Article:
Like this spring’s engaging hit Holes, Secondhand Lions is a tale of an awkward adolescent boy (Haley Joel Osment, A.I.) cruelly stranded in an inhospitable, dusty, barren locale with intimidating authority figures, this time a pair of crusty great-uncles (Robert Duvall and Michael Caine) who, like Holes’s Mr. Sir, have an alarming affinity for their firearms.
The similarities don’t end there. Both films feature romance and action in an exotic, almost epic back-story that may or may not be entirely true, efforts to find a rumored hidden treasure, and a question of larceny. Both films also boast juicy roles for their formidable adult actors, though Lions is more interested in young Walter’s uncles as characters than Holes was in its rather cartoonish grownups, and Duvall particularly brings more gusto to the role of Uncle Hub than even Sigourney Weaver or Jon Voight in Holes.
In the end, though, Secondhand Lions is a pleasant and entertaining film that’s neither as demanding nor as satisfying as the superior Holes. The setup promises more early conflict than the first act delivers, and the story-arc doesn’t give the protagonist enough to do. Beyond that, the film gestures at moral lessons it never quite fleshes out or illustrates, and what ought to have been a key plot point is relegated to a tacked-on coda, depriving it of the crucial significance it should have had.
What carries the film in spite of these weaknesses, besides the strong performances, are the appealing relationships that develop between Walter and his uncles, tongue-in-cheek serial-cliffhanger style flashbacks of derring-do in WWI-era Europe and Africa, a couple of subversively funny subplots involving money-hungry relatives and traveling salesmen, and some good-hearted themes about responsibility, growing up, and old age.
Wunderkind Haley Joel Osment continues his unbroken string of solid performances, aging gracefully as an actor into adolescence. Aside from a couple of moments in which he reaches for childish mannerisms that aren’t there for him any more, he delivers what the film needs, connecting credibly with his veteran co-stars and glossing over some of the script’s thinner patches with emotional conviction.
Writer-director Tim McCanlies, who previously wrote The Iron Giant, brings a similar sense of nostalgia and sentiment to this live-action effort, which is also about a boy growing up without a father figure who finds a couple of unconventional role models. But where Iron Giant’s Hogarth at least had a loving and devoted mother, Walter’s mother (Kyra Sedgwick) is a flighty, unreliable bimbo who fobs off her son for the summer on two uncles she barely knows in order to pursue her social life. (This lack of a positive background picture of family life is another point of contrast with Holes.)
McCanlies also brings a kind of spiritual fuzziness that to a lesser degree also affected The Iron Giant, with that film’s notions of the "soul" as something inside "all good things," and of all killing, even deer hunting, as "wrong."
There’s a key scene in Lions in which Walter tells Uncle Hub that he doesn’t know what to believe any more and wants the truth. Here is Uncle Hub’s regrettably quotable response: "If you want to believe in something, then believe in it! Just because something isn’t true, that’s no reason you can’t believe in it!" Uncle Hub then goes on to list some ideals he thinks are worth believing in whether they’re true or not: that honor and virtue, not money and power, are what really matter; that good always triumphs over evil; that true love never dies.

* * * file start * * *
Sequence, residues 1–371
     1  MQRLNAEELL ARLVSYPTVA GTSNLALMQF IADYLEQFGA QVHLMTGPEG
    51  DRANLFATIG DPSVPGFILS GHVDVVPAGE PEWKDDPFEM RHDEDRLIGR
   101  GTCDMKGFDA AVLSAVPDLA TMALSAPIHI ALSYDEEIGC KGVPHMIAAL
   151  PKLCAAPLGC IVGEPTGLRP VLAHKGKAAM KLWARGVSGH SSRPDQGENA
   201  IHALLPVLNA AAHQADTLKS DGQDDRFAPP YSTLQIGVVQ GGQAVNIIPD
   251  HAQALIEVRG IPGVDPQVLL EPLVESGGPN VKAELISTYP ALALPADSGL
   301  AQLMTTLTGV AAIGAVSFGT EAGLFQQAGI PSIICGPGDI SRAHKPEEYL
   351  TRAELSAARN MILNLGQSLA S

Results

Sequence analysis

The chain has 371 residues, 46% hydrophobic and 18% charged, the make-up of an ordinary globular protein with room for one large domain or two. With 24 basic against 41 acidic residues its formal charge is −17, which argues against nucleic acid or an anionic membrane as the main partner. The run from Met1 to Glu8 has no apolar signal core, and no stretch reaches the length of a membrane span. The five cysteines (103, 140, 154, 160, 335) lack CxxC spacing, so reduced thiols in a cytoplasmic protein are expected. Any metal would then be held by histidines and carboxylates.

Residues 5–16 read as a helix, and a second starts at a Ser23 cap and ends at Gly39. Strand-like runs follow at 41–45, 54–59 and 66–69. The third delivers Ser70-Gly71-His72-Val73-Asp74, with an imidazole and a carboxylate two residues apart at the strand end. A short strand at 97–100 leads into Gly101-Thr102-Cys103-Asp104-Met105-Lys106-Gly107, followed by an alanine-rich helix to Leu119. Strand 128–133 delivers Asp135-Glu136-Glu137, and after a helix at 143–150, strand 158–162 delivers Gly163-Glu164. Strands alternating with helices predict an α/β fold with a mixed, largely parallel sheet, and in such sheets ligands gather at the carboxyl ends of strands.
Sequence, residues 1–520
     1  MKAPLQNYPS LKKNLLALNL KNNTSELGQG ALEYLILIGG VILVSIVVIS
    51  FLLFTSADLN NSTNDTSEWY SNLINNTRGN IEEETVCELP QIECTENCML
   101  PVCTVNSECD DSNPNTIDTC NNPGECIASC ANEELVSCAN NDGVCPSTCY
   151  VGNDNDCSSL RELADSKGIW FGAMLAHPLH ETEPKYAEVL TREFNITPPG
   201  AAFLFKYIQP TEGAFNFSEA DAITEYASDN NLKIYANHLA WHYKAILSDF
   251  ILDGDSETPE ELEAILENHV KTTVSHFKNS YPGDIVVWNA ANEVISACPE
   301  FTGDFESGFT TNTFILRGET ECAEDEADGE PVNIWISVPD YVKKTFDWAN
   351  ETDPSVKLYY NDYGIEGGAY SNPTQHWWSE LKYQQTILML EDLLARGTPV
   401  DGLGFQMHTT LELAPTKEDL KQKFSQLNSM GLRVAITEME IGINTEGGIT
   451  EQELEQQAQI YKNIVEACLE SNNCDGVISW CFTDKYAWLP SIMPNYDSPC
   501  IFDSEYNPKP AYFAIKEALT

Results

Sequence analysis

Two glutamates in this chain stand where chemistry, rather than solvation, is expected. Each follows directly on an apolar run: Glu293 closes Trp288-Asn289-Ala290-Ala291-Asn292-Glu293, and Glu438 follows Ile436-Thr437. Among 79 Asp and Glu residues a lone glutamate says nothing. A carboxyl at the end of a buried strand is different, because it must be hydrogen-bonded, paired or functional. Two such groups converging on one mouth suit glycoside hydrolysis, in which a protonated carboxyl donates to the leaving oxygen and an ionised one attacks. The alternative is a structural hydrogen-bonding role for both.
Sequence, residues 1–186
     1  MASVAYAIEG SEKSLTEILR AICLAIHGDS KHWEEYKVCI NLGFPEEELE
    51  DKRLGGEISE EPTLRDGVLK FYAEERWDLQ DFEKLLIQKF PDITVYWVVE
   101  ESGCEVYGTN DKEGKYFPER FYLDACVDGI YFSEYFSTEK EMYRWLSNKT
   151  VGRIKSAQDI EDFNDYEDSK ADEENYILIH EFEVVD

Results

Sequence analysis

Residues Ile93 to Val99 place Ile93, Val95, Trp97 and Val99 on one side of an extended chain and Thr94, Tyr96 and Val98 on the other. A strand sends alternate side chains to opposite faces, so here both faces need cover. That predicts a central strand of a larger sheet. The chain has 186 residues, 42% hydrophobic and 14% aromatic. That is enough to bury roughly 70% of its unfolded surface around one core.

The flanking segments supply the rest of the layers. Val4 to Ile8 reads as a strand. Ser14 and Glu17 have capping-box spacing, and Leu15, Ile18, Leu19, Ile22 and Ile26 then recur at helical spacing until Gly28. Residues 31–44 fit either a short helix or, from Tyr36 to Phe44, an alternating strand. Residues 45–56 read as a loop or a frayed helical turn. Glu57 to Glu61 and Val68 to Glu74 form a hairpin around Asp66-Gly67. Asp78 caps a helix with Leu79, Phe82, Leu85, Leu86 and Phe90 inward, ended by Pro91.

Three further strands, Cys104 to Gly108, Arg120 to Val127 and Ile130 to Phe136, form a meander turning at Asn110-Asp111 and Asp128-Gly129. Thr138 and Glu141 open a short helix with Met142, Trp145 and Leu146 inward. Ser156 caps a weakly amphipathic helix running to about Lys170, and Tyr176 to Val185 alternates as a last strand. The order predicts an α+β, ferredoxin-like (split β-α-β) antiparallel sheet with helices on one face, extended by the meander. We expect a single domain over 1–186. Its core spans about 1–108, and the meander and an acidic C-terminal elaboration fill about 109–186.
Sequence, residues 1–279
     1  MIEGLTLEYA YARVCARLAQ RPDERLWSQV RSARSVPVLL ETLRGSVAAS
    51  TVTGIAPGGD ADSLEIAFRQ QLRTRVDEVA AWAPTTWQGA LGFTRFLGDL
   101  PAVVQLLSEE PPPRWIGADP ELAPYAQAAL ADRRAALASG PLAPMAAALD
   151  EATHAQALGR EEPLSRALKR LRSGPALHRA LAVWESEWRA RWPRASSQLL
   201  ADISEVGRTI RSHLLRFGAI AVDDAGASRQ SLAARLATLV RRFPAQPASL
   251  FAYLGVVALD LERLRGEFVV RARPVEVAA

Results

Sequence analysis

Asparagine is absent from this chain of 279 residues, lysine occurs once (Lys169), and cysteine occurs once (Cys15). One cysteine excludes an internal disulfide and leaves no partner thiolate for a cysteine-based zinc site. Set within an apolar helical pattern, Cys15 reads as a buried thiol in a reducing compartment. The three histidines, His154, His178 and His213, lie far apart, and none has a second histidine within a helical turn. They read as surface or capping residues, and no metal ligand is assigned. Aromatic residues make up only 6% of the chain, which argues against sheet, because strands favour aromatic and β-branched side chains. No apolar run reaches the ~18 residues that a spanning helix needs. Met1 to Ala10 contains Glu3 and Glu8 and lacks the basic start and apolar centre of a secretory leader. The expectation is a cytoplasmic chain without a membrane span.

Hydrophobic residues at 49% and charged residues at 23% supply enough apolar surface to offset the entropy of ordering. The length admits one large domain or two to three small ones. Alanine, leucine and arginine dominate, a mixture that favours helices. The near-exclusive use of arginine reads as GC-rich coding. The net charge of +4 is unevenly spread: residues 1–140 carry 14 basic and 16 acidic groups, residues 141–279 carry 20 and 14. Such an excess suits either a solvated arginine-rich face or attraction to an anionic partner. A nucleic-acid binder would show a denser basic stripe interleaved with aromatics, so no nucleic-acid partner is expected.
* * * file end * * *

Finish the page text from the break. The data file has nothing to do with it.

Now, the fact is that there is truth to all these propositions, depending on how they are understood. I can even appreciate, in a sense, someone like Uncle Hub having the will to recognize the value of these ideals despite not being in an epistemological position to affirm their truth.
Nevertheless, expressed this way, this is bogus sentimentality, not belief or faith — and this notion casts a long shadow over the rest of the film. Even a revelation that goes some way toward mitigating potentially problematic implications in this regard feels less than entirely earned, like more sentimentality on the part of the filmmaker. Like Hub, McCanlies’s heart is in the right place, but his head could use a little straightening out.
The net effect is that Secondhand Lions is a decent but flawed film that had the potential to be a very good one.
On a side note, the film’s air of wistful nostalgia is enhanced by the presence of cartoon art by Berke Breathed ("Bloom County", "Outland"), the real hand behind the cartoons we see in framing sequences in the studio of the adult Walter, who has grown up to be a cartoonist. Along with Bill Watterson of Calvin & Hobbes, Breathed is one of the most sharply missed presences on the comic-strip page.
Addendum: Berke Breathed fans may be interested to know that after posting this review I received the following email from Mr. Breathed himself:
Thank you for the kind words in your review. You might not have heard that I’m bringing Opus back to the Sunday comic pages this Thanksgiving. I took your thoughtful lament to heart!
Copyright © 2000– Steven D. Greydanus. All rights reserved.